This week we’re going to take a look at the worldbuilding of Amazon Studio’s Rings of Power from a historical realism perspective. I think it is no great secret that Rings of Power broadly failed to live up to expectations and left a lot of audiences disappointed. In the aftermath of that disappointment, once one looks beyond the depressingly predictable efforts to make culture war hay out of it, I found that many people understood that they were disappointed but not always why. Here I am going to suggest one reason: the failure of Rings to maintain a believable sense of realism grounded in historical societies and technologies (something the Lord of the Rings, books and films, did very well) makes it impossible to invest in the stakes and consequences of a world that appears not to obey any perceptible rules.

...When making a speculative fiction world, the author(s), can either plan out the system’s unique function or they can adopt a real world system, but they generally must do one or the other or risk sacrificing audience investment from a world that lacks consistency.

And as noted above, Middle Earth and the broader Tolkien legendarium draws its sense of consistency when it comes to the world and its societies mostly from a firm sense of rootedness in the realia of historical societies and historical literature. Tolkien has not reinvented new systems of farming, new laws of physics or new systems of social organization. In The Lord of the Rings the world’s consistency depends on its feeling of historical rootedness.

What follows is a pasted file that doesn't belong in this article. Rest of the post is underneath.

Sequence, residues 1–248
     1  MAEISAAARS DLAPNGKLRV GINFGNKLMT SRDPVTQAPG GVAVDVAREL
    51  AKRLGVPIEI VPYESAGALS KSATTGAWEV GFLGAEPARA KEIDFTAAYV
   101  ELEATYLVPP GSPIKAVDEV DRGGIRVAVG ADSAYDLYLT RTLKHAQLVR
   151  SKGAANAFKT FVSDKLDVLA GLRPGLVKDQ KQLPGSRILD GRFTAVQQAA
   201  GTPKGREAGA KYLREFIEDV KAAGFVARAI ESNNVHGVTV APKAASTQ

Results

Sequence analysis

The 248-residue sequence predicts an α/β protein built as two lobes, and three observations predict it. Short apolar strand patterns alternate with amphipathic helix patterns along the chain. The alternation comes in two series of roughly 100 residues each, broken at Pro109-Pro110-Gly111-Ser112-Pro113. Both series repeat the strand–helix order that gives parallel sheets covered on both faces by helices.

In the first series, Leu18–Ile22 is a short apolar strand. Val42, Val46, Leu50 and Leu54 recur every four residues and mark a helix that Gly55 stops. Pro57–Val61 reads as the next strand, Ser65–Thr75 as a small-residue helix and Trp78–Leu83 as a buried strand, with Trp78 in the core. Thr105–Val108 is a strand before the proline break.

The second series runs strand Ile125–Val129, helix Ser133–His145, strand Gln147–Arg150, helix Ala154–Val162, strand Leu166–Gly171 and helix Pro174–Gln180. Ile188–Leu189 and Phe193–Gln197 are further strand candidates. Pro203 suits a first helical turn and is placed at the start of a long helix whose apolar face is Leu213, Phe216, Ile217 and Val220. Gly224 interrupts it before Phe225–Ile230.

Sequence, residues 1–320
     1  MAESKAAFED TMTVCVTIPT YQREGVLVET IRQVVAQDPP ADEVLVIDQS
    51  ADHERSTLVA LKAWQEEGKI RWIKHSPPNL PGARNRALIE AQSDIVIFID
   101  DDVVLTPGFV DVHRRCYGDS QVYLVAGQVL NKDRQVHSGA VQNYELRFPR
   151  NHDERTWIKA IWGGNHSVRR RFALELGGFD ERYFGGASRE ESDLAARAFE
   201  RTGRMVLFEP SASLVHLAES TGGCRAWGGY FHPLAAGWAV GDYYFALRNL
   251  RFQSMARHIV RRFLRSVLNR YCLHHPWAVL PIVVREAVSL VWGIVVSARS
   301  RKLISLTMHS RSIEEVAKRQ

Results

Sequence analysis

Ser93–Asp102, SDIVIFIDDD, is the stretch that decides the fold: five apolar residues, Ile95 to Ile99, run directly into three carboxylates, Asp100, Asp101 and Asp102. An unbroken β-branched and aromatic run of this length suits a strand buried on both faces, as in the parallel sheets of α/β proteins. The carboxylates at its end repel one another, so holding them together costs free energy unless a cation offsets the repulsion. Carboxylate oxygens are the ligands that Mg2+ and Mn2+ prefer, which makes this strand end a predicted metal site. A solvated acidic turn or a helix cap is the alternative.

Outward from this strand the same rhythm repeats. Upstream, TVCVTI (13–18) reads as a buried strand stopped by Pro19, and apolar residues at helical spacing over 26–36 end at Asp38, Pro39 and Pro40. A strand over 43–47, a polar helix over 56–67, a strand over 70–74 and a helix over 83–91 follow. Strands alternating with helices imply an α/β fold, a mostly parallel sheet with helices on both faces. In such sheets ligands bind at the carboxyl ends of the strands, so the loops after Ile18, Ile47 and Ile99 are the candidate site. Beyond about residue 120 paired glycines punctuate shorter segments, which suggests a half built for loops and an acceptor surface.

In good speculative fiction then, the creator has a choice: import recognizable, real-world systems that will feel real to an audience or build new systems and then explain their fantastical workings to the audience in a way that renders them understandable. Rings of Power does neither and in the process manages to construct a Middle Earth that is not only ‘flat’ in the sense that the the cataclysms of the Changing of the World have not yet happened and thus the Straight Road to Valinor can still be traversed, but unfortunately this Middle Earth is also flat in the sense that it is rendered dull and uninteresting by the lack of perceptible rules and consequence.